Tuesday, December 28, 2010

Prudence and Coach Singletary

Although it almost sounds like an old fashioned word, or can be confused with "being a prude" which has a negative connotation, prudence, according to Fr. John A. Hardon is "Correct knowledge about things to be done or, more broadly, the knowledge of things that ought to be done and that ought to be avoided." In short, prudence requires us to distinguish between what is right and wrong. In light of the unsurprising firing of 49er head coach Mike Singletary, the only question I want to raise is related to prudence.

Cicero made the claim that "gratitude is not only the greatest of virtues, but the parent of all the others." During this season of giving, nothing is more true. But he lived before Christ and a common question that we ask in the ethics course I teach is "what difference does Christ make to the good?" And so, it is interesting to teach and learn what virtues are truly Christian virtues. For example, humility was not considered to be a "good moral habit" to the Greeks, but Jesus modeled humility to His death. St. Thomas Aquinas, the Catholic Church's greatest theologian and philosopher said prudence, not gratitude is the queen of all virtues. "Through its exercise we acquire the moral knowledge necessary to form all other actions into virtues." Prudence, in addition to temperance, justice and fortitude is also a cardinal virtue. These four are called "cardinal" virtues from the Latin word for "hinge." In the Catholic faith tradition, all other virtues, like patience, generosity, kindness, etc. "hinge" on them. Unlike the theological virtues, which are gifts of God through grace, the cardinal virtues can be practiced by anyone. Singletary was fired on the flight home from St. Louis to San Francisco. The man lost his job of two years before the plane even touched ground. Just as ending a long term relationship is painfully difficult, I do not doubt that this was a tough thing for Jed York to do. I do however wonder if firing him after what was already an upsetting loss (the 49ers will not play in the post season) was prudent. Am I raising a fair question?I don't think there is ever the appropriate or "right" time to fire someone, especially a human being like Mike Singletary. I firmly believe Singletary is a virtuous man. My God, the Singletary family even has a mission statement (former posting)! 

He was not fired because of off field behavior or questions about what he represents. No one will question his character, his resolve and love for the game. To this day, I harbor resentment against Washington Redskins owner Dan Snyder for the way he fired Norv Turner back in 2000. Following a bitter loss to the New York Giants, Snyder had Turner wait outside his office for close to four hours before he opened his door to meet with him. Four hours!? 

The Catechsim of the Catholic church states "the prudent man looks where he is going." Clearly this is untrue for Snyder. Turner's life and livelihood were on the line. To treat another person in the way that Snyder did lacks prudence, and the other three cardinal virtues for that matter. (no wonder he was named "Sports Jerk of the Year" by the “Tank McNamara” comic strip) 

I wish Singletary had been able to finish the 2010 season with the Niners. Even one week from today, I am sure the "49er Faithful" would still find it necessary for him to go, but it would allow this organization to act like the "winners" Singletary was famous for wanting. Good luck Coach Singletary. Your remarks, though prepared, reflect exactly who you are.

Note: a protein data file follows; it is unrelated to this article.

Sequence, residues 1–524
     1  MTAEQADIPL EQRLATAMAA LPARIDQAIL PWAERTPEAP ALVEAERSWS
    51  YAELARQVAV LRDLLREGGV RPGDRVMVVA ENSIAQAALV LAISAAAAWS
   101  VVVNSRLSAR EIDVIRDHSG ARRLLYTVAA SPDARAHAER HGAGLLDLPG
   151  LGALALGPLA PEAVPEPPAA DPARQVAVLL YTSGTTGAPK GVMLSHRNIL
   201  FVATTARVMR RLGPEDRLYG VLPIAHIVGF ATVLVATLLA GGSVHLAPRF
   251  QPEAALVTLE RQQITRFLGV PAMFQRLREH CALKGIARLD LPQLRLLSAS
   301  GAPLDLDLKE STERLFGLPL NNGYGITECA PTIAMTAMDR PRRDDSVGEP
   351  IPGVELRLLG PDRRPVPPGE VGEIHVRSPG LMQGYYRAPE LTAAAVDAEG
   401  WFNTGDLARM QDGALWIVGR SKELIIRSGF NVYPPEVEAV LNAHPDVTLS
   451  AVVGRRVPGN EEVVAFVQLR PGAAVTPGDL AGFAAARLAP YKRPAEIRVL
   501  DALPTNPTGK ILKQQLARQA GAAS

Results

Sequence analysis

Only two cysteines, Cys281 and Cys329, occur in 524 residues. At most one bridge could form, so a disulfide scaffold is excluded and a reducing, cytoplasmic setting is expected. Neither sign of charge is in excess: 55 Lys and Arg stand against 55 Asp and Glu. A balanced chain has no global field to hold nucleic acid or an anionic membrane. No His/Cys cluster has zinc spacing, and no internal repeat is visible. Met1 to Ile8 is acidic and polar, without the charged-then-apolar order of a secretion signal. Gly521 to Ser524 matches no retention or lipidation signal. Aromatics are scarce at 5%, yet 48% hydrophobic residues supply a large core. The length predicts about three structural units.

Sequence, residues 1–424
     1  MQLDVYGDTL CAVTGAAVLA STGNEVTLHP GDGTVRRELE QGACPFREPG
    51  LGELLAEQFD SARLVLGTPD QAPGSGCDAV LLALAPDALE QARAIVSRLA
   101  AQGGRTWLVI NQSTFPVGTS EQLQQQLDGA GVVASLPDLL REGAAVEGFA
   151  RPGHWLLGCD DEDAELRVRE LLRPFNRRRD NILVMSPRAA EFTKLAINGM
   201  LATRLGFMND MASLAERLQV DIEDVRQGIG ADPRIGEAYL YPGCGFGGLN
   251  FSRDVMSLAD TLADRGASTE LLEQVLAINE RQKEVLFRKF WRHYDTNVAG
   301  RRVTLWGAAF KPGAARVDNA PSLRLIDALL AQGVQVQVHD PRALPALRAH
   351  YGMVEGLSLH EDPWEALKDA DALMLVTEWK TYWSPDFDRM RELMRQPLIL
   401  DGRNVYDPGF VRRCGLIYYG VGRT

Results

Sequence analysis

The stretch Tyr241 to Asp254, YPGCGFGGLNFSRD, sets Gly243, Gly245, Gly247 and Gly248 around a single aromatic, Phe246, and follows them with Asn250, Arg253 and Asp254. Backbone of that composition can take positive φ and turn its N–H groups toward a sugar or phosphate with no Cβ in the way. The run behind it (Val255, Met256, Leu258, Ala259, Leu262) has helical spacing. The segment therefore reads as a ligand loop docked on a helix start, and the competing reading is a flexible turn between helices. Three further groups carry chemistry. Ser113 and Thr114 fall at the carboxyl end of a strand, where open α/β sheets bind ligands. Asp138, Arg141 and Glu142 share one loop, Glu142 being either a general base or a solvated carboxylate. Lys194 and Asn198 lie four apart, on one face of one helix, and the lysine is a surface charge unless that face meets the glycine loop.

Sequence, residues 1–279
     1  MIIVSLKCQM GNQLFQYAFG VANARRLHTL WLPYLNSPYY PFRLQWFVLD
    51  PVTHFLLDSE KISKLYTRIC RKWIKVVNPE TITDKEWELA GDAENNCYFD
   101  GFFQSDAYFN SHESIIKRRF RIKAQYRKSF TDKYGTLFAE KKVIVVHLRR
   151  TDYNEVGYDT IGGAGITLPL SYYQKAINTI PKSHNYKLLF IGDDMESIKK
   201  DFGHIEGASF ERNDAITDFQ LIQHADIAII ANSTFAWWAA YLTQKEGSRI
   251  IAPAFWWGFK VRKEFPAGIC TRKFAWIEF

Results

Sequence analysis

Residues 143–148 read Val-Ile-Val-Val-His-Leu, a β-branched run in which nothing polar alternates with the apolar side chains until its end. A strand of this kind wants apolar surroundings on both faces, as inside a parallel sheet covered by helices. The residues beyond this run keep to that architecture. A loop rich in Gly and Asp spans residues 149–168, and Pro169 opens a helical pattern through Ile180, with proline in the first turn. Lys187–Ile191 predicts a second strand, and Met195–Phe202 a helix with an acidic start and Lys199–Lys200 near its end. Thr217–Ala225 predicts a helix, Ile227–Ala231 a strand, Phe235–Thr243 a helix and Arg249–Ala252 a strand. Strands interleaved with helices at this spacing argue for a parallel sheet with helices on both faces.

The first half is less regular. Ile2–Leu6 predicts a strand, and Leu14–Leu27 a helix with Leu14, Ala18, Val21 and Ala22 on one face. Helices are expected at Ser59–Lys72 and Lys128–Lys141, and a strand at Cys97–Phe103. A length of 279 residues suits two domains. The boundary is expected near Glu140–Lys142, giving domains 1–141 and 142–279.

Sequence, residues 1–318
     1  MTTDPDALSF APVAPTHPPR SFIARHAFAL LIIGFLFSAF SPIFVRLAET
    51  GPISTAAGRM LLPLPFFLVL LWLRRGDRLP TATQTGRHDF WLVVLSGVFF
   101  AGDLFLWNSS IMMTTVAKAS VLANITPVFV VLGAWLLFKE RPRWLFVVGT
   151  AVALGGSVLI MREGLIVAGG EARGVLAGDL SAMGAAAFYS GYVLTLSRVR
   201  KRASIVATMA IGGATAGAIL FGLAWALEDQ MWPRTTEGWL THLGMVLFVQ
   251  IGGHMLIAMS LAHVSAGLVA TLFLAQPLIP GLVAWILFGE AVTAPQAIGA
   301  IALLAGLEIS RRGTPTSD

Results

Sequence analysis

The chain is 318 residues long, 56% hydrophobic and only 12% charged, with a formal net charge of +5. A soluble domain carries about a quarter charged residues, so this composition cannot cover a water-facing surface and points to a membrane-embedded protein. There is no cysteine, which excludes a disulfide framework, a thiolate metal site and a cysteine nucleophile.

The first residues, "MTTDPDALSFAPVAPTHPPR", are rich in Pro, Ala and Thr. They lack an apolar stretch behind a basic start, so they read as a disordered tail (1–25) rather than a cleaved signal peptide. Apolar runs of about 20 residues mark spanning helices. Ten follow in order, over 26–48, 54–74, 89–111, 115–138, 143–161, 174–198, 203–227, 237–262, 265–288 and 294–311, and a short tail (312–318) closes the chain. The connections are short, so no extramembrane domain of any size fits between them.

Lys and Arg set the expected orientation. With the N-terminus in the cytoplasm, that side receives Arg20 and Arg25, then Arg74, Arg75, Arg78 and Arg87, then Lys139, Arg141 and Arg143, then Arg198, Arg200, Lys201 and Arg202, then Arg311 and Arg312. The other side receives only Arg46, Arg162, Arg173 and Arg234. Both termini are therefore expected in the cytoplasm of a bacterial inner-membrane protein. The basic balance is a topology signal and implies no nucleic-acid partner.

One of the greatest experiences of my life was having the opportunity to coach the San Francisco 49ers. What made it so special were the players. They were some of the most outstanding men I have ever been around in my life.

Photo Credits

Coach Singletary
Jed York


  1. Singletary had a job to do and he didn't do it. I like him and feel bad for him. However, I feel worse for the players who want to win and are on a team that hasn't produced when it should have.
    He knew it was over-- Of course he hoped to finish the season.

    The Faithful needed to know that the Niner's organization is aware and ready to step up. I was impressed with York's press conference. He was coached well dealing with reporters and showed he's in control and looking to stabilize the organization. The momentum is now. Interviewing for a GM has begun. I like knowing that the team didn't finish the season, take a break for the New Year and then slowly start to rebuild under the radar. The prudent choice was to take care of the fans and the team, now. --to show us someone is leading. York has not done that in the past. He is ultimately responsible.

    This situation reminds me of my job.
    As a teacher if my students are not performing after 2 years with me, do I finish the year or is it the principal's responsibility to remove me before the year ends? Students would be sad because we've developed a strong relationship and I've encouraged them well, I just haven't taught them any academics. Should the principal get me out and get someone in who can prepare the students academically or wait for another year to conclude?

  2. The firing was actually merciful. The '9ers had one home game left. It would have been a boo-athon with Singletary on the sidelines. Instead, we had the disarming fresh face of Tomsulo. The spirit was relaxed, the players performed, and Coach Sing was spared.